The Paternalism of Partnership and Active Listening

It wasn’t until after my internship had completed, upon reading The Paternalism of Partnership by Maria Bazz, that I learned of the concept of the passive and resisting Other in contrast to the knowledgeable and unappreciated Self, in which the Nicaraguans were the Other and I was the Self in my situation. As Bazz describes, the notion of the Self and the Other is often manifested in unethical partnerships created between powerful and wealthy Northern organizations and less-well-off Southern organizations. Most problems, it seems, tend to stem from this initial separation of identities and stereotyping. By seeing the Nicaraguans as the Other, a distance and separation was immediately created, fed by self-fulfilling prophecies actualized by differences in culture, customs and perspective (Bazz 47-50). Though acknowledging our differences is not necessarily an issue, the problem arose when this act of othering was used in place of an attempt at active listening and understanding. When the stereotypes resonated more than my experiences with the actual people, the problems were exacerbated.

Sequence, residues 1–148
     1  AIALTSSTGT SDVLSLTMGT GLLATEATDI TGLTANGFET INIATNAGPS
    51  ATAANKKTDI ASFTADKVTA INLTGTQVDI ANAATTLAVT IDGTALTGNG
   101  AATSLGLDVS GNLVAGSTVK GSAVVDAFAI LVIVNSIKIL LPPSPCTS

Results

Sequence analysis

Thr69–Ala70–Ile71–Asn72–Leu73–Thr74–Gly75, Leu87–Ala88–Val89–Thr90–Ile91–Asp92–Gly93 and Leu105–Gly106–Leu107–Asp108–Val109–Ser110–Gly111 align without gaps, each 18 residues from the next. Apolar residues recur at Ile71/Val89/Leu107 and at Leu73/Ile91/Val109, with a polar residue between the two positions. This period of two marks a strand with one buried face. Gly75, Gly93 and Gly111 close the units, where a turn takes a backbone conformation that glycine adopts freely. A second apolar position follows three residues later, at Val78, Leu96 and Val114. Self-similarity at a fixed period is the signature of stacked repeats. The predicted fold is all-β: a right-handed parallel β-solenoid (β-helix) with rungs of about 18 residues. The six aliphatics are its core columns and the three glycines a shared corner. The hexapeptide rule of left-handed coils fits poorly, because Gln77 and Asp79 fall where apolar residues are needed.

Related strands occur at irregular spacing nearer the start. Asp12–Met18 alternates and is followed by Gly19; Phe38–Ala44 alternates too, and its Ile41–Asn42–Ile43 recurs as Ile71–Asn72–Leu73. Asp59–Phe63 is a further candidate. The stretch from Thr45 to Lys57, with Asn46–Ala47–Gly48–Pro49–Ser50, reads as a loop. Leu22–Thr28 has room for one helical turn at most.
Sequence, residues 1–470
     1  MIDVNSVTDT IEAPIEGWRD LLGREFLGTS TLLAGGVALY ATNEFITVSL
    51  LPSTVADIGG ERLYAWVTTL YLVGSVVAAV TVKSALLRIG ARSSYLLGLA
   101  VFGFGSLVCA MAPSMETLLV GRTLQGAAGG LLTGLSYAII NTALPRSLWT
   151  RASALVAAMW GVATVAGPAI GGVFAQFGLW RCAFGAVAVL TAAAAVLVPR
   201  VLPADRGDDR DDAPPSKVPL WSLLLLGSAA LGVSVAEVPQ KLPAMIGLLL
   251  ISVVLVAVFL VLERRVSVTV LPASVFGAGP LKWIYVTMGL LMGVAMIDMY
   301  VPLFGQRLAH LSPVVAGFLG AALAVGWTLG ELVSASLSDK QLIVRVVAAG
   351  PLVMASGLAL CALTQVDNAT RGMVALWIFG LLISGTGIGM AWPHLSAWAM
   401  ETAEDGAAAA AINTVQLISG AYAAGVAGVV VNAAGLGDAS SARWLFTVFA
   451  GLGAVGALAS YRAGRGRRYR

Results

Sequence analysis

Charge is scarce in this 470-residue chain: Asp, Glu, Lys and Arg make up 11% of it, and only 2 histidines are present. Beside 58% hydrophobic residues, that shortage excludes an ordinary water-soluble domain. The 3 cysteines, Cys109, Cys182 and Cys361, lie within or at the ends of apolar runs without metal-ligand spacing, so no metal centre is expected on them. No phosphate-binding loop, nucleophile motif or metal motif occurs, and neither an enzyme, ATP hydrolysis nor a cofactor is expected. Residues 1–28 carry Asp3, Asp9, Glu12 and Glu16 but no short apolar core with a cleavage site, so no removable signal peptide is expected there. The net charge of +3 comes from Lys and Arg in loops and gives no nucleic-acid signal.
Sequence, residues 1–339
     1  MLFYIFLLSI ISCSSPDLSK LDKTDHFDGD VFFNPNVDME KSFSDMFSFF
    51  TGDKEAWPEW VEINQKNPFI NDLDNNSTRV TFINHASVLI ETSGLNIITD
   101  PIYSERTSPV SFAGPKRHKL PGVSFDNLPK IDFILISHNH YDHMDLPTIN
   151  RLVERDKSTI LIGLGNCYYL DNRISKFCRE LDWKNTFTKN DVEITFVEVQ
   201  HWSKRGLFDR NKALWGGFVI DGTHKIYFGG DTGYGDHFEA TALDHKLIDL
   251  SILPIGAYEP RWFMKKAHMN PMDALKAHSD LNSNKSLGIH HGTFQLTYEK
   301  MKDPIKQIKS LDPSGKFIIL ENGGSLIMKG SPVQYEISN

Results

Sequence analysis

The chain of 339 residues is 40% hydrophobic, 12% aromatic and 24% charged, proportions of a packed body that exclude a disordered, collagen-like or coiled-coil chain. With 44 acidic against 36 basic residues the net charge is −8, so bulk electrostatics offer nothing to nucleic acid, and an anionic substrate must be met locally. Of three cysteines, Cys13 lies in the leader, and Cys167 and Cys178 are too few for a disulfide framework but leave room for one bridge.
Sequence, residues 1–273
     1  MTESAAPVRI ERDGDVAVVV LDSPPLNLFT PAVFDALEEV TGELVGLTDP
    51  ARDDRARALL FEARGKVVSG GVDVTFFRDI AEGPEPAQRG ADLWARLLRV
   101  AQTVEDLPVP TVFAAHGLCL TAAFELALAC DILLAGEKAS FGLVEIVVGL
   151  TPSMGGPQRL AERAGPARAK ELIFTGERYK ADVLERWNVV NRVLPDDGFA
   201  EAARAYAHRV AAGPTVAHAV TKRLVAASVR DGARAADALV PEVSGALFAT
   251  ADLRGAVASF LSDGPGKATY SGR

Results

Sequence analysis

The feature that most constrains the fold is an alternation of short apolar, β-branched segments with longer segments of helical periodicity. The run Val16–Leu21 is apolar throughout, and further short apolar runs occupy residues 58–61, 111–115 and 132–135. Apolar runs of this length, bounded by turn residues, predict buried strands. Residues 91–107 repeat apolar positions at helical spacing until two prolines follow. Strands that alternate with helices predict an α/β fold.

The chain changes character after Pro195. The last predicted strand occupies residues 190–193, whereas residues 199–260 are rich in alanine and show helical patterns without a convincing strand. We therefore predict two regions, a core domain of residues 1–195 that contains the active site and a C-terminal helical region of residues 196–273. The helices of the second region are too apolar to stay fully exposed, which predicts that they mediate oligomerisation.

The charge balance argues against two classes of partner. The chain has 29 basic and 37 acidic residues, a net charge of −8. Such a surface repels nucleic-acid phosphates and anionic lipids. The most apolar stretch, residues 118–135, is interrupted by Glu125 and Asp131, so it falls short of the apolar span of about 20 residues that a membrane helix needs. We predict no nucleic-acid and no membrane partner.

Throughout the book, Bazz explains how the different origins and perspectives experienced by the partner – as opposed to by the donor –  agency may lead to miscommunication over roles in the partnership. When people don’t share the same understandings, unethical partnerships are forged. These unethical partnerships take differents forms, such as cases when a dominant donor organization takes advantage of its partner, a dependent and unsustainable partnership is formed, stereotypes are exacerbated and/or when a partner organization takes on role play to get the resources it needs. This role play can be seen when a partner organization purposefully acts or presents itself as a “third world” or “poor” organization is expected to (read: being low on supplies, needing assistance in development, etc.) in order for the donor organization to continue supporting it or providing it with resources. After reading The Paternalism of Partnership and reflecting on my time in Nicaragua, I realized that I had been a participant in an unequal partnership.